#BLOGTOBER DAY 14: ‘Nothing Tastes As Good’ by Claire Hennessy

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*This review will contain spoilers!*

‘Boys don’t go for fat girls. They talk bout wanting ‘real women’, but what they mean is big tits. Not thighs, not bellies, not fat bums. They want skin and bone.’ 

‘Don’t call me a guardian angel. No wings, no heavenly music, no fluffy white clouds here – just me and the Boss (not God, don’t go getting any ideas there) and an assignment. My first. Hopefully my only.’

Annabel is instantly grating. Her personality is so abrasive – her first sentence being a command is so confrontational – and it instantly got my back up.

Annabel McCormack is dead.
She’s been dead for three weeks, since her heart gave up on her. Annabel was an anorexic, pushing her body to the limits with her quest to control her eating and become as thin as physically possible.
When she dies Annabel discovers there is such a thing as the other side, but it’s not as simple and relaxing as you might expect. She’s assigned as a spirit guide, required to assist a soul in need before she is allowed to send a message from beyond the grave to her family. Annabel wants to write to her little sister Imogen, berating her for telling their parents that she was sick. Annabel blames Imogen and their parents for her death: she believes she had everything under control, and it was the sugar water forced into her body that caused her heart to stop.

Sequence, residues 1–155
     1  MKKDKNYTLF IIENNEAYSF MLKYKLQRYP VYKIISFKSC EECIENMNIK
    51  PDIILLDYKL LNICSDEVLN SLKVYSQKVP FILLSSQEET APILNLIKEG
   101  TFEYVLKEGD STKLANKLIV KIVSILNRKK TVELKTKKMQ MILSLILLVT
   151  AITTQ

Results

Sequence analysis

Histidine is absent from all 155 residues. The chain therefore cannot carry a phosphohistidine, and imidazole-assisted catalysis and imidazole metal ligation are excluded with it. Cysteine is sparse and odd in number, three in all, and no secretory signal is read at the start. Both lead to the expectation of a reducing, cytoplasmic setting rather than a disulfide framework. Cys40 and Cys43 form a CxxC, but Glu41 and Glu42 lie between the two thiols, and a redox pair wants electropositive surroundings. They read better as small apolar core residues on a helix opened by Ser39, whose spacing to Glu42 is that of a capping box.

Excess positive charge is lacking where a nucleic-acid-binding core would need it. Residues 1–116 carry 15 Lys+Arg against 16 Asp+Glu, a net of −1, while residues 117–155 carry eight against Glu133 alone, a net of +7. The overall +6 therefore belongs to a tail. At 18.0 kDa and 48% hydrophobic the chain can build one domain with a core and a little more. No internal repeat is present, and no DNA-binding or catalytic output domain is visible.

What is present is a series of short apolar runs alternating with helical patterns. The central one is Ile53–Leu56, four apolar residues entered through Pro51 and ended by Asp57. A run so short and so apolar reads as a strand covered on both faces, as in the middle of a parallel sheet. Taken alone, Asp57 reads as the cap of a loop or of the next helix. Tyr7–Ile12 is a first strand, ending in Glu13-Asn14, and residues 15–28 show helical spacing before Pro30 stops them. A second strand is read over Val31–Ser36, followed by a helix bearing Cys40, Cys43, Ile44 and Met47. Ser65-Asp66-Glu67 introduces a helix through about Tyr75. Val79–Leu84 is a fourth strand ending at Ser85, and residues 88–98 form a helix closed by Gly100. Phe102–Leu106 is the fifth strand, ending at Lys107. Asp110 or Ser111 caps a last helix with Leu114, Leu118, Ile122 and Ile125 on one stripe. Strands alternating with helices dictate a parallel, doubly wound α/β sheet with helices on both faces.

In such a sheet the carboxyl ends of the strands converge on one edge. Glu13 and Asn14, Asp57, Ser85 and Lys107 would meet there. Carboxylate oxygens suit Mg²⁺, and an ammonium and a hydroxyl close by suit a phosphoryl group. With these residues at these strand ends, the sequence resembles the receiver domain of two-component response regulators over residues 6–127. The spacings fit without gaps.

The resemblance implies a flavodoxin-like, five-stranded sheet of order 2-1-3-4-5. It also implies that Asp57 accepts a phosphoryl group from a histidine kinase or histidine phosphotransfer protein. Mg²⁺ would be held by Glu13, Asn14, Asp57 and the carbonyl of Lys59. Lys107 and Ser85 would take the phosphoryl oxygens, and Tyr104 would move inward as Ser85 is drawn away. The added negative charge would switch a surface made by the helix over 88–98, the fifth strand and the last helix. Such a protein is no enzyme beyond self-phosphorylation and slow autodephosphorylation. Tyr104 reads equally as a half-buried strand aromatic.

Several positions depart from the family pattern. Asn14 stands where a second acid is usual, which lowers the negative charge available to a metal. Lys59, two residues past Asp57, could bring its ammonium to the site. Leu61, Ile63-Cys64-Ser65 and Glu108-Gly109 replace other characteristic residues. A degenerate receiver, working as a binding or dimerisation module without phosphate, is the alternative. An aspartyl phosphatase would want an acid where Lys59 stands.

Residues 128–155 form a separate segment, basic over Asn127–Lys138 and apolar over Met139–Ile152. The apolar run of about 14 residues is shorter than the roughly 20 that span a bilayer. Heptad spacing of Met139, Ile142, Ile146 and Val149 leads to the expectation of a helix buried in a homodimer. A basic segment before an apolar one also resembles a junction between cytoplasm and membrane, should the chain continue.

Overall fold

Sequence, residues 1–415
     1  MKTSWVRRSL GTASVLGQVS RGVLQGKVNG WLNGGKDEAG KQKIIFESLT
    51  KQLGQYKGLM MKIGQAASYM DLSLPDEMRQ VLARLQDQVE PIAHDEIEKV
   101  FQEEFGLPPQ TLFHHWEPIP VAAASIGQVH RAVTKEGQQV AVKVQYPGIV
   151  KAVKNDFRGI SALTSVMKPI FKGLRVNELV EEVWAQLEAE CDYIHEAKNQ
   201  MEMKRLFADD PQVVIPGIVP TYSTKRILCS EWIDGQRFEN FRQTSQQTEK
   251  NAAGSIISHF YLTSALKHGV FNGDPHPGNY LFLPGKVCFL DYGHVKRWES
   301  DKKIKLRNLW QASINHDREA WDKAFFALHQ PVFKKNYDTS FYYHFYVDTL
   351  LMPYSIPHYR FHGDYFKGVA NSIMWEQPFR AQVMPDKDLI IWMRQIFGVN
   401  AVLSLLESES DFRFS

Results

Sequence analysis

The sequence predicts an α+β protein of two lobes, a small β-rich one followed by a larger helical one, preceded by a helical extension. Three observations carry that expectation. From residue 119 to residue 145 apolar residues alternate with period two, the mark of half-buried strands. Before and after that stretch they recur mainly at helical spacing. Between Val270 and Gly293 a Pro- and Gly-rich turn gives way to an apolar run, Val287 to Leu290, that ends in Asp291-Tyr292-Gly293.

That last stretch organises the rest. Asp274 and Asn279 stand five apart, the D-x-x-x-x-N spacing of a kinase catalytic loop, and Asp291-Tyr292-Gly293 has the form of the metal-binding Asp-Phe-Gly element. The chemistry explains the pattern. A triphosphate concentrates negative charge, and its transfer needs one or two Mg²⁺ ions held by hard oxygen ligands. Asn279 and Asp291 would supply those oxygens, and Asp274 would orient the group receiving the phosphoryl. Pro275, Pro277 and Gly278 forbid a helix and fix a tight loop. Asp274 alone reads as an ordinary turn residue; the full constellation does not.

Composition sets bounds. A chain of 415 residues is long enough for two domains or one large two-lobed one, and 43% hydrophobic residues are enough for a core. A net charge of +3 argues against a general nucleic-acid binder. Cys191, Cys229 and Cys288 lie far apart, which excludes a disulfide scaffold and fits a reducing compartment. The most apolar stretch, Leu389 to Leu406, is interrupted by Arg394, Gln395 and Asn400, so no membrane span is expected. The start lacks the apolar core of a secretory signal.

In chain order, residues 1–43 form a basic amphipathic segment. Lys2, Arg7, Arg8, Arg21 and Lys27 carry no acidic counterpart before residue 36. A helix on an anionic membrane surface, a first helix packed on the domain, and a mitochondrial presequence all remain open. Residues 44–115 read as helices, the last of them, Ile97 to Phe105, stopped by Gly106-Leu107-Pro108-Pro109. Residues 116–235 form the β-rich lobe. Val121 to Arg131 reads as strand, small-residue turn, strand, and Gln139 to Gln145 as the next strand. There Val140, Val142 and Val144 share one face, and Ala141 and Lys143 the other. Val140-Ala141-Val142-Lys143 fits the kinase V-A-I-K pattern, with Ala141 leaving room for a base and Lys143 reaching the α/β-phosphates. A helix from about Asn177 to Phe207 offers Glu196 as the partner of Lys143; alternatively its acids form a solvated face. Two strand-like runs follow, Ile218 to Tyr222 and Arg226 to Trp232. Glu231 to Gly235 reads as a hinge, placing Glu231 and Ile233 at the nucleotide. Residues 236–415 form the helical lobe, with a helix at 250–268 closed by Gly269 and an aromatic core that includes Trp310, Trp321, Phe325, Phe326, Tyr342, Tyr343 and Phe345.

The catch? Annabel’s assigned as spirit guide to Julia, a girl she used to go to school with. Julia, who is overweight – bordering on obese – and constantly overeats, thinking nothing of eating an entire multipack of crisps or bar after bar of chocolate.

‘If I’m supposed to save her from obesity, this is really not funny.’

Annabel watches Julia gorging herself, and she feels physically sick – or she would, if she still had a body. She’s angry that she has to help this girl who has no self-control, and uses all of her force to get into Julia’s head, telling her how fat, disgusting and worthless she is.
As Annabel’s voice takes hold, Julia starts to over-exercise and starve herself. She constantly berates herself for not losing weight fast enough, and starts to obsess over Annabel – the only super thin girl she’s known in real life, rock solid proof that skinny doesn’t always mean photoshopped.
But when Annabel discovers the reason for Julia’s overeating, she starts to doubt herself. There’s a lot more at play than just lack of control, and Julia doesn’t need to diet – she needs to talk to someone.
Will it be too late for Annabel to save Julia, or will she redeem herself?

This is a very difficult read. 
My relationship with food has been difficult for a few years now, and the first half of this book brought it all roaring back to me: the self-hatred, the determination, the belief that everything would be fine if I could just shed a few more pounds. I could see myself in both Julia and Annabel, struggling to fit into my favourite pair of jeans, sneering with disgust at the overweight world surrounding me. It was jarring, to be able to relate so completely with two characters that are polar opposites.